How do Hasidim make money if they don’t get a secular education? The Hasidic economy seems to operate in old-school, wheeler-dealer, handle-bandle kind of way. The men who don’t speak English learn it as they go along, and their female relatives help. When I was a child, my father would often phone from the office and ask us to ask our mother how to say this or that word in Aynglish. “And ask Mammi…. vus meynt alternate?” To this day, my father speaks a barely comprehensible English, even as he runs a large organization for disabled children and often interacts with Albany politicians.
Her father’s success is probably due more to his own personal determination and ingenuity than it is to any preparation through Satmar’s educational philosophy.

What about the statistics that say Satmar is the poorest community in the nation? It is true as she notes that a number of factors - such as large families - skew the census data. But she practically admits that her community under reports their income and actually is a lot better off than those statistics show. She also notes the extensive use of as many government programs as possible.

Well, that combined with under-reporting of income easily lends itself to possible massive fraud in the aggregate.

She might argue that everyone under-reports income to some degree. I doubt that. It is true that many people will hide a small amount of income and not report it to the IRS.  Which is still wrong. But that's still a lot different than defrauding the welfare system by taking money they do not really qualify for. And even leaving ethics out of it, most Orthodox Jews do not depend on welfare and are statistically less likely to defraud the welfare system. Besides - the Jews doing it that least should be those claiming the highest level of Torah observance. I suspect the opposite is true based on statistics alone.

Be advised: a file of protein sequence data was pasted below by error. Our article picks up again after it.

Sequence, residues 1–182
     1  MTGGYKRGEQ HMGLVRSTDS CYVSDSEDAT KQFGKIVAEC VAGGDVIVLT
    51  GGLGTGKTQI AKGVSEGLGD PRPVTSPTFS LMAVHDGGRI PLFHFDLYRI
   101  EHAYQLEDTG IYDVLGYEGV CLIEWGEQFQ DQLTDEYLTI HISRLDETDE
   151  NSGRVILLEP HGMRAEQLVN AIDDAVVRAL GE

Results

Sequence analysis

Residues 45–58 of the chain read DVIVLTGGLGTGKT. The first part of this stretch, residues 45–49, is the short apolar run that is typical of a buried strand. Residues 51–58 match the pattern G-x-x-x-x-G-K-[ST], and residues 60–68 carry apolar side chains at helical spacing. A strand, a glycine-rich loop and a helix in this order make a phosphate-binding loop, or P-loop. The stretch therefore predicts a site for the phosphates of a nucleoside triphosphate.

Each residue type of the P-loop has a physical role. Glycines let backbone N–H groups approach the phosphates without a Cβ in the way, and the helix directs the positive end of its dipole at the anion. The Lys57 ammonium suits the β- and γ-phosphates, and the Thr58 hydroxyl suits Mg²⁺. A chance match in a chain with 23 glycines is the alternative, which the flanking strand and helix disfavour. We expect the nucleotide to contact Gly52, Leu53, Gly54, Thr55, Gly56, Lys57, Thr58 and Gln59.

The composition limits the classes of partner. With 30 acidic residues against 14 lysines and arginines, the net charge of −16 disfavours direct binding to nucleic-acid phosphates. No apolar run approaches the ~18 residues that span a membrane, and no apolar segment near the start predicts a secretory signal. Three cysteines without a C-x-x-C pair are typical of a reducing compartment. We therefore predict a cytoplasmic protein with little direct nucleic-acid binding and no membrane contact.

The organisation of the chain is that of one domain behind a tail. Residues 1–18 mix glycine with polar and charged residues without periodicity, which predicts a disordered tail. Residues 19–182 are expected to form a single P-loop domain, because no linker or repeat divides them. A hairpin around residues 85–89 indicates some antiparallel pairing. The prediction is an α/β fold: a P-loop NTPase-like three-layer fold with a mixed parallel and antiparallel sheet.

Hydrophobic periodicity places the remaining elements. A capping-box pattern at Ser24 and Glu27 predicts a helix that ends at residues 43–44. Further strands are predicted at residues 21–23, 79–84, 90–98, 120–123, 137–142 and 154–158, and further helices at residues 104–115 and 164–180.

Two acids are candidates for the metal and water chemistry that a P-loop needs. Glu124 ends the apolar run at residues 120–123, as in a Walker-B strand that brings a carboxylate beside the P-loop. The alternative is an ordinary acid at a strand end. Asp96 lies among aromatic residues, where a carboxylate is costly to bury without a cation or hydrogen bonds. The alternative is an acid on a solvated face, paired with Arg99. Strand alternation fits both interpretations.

What kind of job training is available to Satmar Chasidim if they don't have a secular education?

By her own admission the kind of job training they get ‘in-community’ is limited to jobs that do not require specific credentials. Which means home town jobs like Torah teachers, store clerks, fish mongers, butchers and the like. We aren't talking about people with marketable credentialed skills, like plumbers, welders, or carpenters, let alone a profession requiring a higher education. 

It is highly likely that  all this translates into pay that is considerably lower than those trained on the outside – where apprenticeships in the trades most often lead to certification. Furthermore only those trades that serve the community are available for them to be trained ‘in-community’. There are a variety of trades that are not available to them simply because they are not needed in that community directly. The only apprenticeship training they can get for those trades is on the outside. Who is going want to hire and train someone that can barely speak English?

Mrs. Vizel also notes that one of their sources of income are Gemachs (free loan societies). Is that any way to support a family? To borrow as much money as one can? 

It is also not so much of a surprise that the typical signs of poverty don’t exist in Satmar. Here is what she says to indicate that:
When I walk through my Hasidic community, I don’t see the markers of some of the poorer neighborhoods. There are no homeless Hasidim lying at the corner, no Hasidic mothers begging for food, no abuse of drugs to numb the pain. I see a people nicely dressed, with the children in ribbons and bows. 
No one accuses Satmar Chasidim of being drug addicts. No one accuses them of not having great family values... or of not being great parents. The only concern is how they pay for being ‘nicely dressed, with the children in ribbons and bows.’

All of which brings me back to the issue at hand. The utter lack of any secular education for Satmar men. The Satmar Rebbe of Kiryas Joel is shortchanging his Chasidim - with the false claim that he is fighting secular education as a function of Gzeiras Shmad. There should be no doubt about it. Unfortunately that is a  claim bought into so easily by far too many of his Chasidim.